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Mixing Mescaline and Alcohol: What Are the Risks?

Taking too much of one intoxicating substance can be dangerous enough, but millions of people around the United States mix intoxicating substances together, changing how the drugs interact, and putting themselves at risk for long-term physical harm.

One of the most common drugs abused in patterns of polydrug abuse is alcohol. Because so much substance abuse involves some level of social interaction, alcohol is often combined socially alongside other drugs, such as opioids, cocaine, marijuana, and “club drugs” like MDMA, PCP, or hallucinogens.

What Is Mescaline?

There are several hallucinogens abused in the US, and other countries, and one of the most popular, naturally occurring hallucinogenic drugs is mescaline. Found in the peyote cactus, mescaline is consumed orally, and it may be abused by chewing dried pieces of peyote, or as a white powder extracted from the plant. Peyote was originally used in rituals in Central America and the southwestern United States, but it is now a popular drug of abuse.

Mescaline can cause serious psychedelic side effects and changes certain processes in the body. Side effects from this drug include:

  • Distorted vision
  • Seeing, hearing, feeling, smelling, or tasting things that are not real
  • Altered perception of space and time
  • Emotional changes
  • Distorted view of one’s body
  • Heightened sensory perception, such as sharper colors or tastes
  • Trouble focusing or concentrating on reality
  • Loss of sense of reality
  • Preoccupation with specific thoughts, feelings, or sensations
  • Adverse reactions, such as intense paranoia
  • Numbness or tingling in the body
  • Muscle twitches or weakness
  • Impaired physical coordination
  • Dizziness
  • Pupil dilation
  • Increased blood pressure
  • Appetite suppression
  • Elevated body temperature

Adding Alcohol to Mescaline

doctor reviewing mescaline and alcohol abuse signs

Alcohol also causes changes in the mind and body. Typical signs of alcohol intoxicationinclude stumbling, slurred speech, trouble concentrating, forgetfulness, shaking, changes in body temperature, elevated blood pressure, stomach upset, blackouts, and changes in mood, including euphoria and depression.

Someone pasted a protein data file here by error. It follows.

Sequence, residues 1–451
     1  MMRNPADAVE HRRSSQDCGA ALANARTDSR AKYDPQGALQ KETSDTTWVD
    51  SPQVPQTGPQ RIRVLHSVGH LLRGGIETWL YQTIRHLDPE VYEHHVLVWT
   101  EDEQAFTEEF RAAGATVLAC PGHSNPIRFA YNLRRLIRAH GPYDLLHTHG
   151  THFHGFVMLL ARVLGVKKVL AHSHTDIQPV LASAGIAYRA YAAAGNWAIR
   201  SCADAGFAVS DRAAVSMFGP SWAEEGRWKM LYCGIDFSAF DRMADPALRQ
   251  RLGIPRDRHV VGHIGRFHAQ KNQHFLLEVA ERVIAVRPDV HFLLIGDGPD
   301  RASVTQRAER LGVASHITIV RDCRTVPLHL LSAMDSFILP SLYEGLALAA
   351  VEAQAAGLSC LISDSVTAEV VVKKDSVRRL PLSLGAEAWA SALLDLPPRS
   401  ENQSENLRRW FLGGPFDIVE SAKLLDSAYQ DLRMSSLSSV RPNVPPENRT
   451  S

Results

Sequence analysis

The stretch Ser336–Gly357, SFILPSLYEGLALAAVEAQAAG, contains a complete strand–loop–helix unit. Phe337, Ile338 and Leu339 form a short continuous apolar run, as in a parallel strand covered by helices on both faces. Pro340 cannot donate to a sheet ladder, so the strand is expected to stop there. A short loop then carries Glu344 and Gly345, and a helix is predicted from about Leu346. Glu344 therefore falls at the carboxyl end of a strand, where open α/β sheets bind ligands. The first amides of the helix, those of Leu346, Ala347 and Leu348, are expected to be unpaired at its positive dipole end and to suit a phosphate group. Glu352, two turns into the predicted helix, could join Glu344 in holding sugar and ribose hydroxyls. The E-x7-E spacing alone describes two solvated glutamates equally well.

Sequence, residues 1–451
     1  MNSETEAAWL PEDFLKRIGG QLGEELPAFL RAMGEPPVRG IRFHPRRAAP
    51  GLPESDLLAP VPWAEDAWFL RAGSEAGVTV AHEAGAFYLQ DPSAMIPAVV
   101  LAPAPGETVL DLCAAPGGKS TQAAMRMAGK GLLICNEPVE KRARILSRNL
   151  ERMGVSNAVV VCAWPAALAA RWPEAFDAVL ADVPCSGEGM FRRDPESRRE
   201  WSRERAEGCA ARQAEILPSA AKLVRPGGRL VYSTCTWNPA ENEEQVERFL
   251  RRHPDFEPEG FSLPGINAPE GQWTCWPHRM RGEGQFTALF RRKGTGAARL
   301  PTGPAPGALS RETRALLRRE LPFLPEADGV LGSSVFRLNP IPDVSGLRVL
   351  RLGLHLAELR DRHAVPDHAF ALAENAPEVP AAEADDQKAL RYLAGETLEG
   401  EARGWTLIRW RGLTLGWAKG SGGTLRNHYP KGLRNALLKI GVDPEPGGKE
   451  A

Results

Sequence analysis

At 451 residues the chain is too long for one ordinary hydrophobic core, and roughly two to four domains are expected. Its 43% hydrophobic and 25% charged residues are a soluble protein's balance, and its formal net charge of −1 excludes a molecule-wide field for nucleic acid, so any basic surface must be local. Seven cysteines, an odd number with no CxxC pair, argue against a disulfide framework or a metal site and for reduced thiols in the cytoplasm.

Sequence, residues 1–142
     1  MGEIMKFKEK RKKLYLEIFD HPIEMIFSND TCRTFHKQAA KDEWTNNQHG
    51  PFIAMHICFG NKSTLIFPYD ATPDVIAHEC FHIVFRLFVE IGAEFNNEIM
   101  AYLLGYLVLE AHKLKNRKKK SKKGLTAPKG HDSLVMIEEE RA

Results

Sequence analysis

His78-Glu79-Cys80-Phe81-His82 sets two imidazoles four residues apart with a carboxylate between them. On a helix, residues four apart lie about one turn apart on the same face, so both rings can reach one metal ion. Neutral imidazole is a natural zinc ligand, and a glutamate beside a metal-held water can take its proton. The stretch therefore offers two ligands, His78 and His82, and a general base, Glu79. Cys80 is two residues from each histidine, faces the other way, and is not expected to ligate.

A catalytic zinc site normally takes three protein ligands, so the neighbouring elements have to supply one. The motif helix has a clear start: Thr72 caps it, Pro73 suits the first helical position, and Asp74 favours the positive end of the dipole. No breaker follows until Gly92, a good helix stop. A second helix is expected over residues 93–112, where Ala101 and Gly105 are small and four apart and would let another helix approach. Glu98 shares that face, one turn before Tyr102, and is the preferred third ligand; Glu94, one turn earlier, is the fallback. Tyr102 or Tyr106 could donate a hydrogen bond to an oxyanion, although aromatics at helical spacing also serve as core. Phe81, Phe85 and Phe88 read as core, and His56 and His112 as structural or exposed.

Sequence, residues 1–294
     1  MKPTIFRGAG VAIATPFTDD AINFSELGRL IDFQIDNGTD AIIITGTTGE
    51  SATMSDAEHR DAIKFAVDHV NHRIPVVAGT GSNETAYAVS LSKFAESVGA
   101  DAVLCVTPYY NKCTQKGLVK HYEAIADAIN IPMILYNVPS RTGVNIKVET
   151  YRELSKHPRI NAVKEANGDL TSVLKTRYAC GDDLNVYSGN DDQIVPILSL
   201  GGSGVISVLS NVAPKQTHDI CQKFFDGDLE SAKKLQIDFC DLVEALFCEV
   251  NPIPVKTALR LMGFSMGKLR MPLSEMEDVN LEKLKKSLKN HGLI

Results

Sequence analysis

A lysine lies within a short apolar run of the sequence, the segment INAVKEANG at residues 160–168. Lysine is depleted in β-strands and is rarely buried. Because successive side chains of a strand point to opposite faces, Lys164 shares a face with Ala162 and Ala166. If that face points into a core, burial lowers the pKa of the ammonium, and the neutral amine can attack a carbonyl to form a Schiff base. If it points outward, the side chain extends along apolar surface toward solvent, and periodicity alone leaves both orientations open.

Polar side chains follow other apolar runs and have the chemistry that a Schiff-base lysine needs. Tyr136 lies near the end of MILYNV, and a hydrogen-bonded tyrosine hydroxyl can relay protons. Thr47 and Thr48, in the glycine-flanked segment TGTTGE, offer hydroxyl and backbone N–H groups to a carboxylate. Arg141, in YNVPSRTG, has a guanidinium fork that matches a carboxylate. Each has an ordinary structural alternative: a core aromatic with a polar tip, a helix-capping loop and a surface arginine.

Mixing alcohol with mescaline can be dangerous. The person increases their chances for serious mood changes, or the mood swings induced by alcohol can affect whether or not the person experiences a “bad trip.” The combination of stumbling and weakness, with a changed perception of reality, puts the person at greater risk of harm by falling, getting into a car accident, or being involved in another dangerous situation. They are at higher risk of vomiting, which can be very dangerous if they pass out from drinking too much alcohol. Mood changes and altered perception of reality may also increase the risk of suicide among people who struggle with mental health problems.

Peyote has been shown to interact with some drugs that change serotonin levels, especially amphetamines like MDMA and prescription antidepressants. Although mescaline is not considered addictive, alcohol is known to be problematic for millions of adults and adolescents in the US. Mescaline may induce psychosis or a psychotic disorder in people who are at risk for these problems. If a person struggles with alcohol and other substances at the same time, they are at a greater risk for developing an addiction with associated co-occurring disorders, including mood disorders or psychosis.

If a person abuses even one substance, like alcohol or mescaline, they should get help with the withdrawal process and find an evidence-based rehabilitation program where they can get comprehensive therapy. Abusing more than one substance, including mixing mescaline and alcohol, puts a person at risk for serious, chronic harm to their mind and body.

About The Contributor
Editorial Staff
Editorial Staff, American Addiction Centers
The editorial staff of Laguna Treatment Center is comprised of addiction content experts from American Addiction Centers. Our editors and medical reviewers have over a decade of cumulative experience in medical content editing and have reviewed... Read More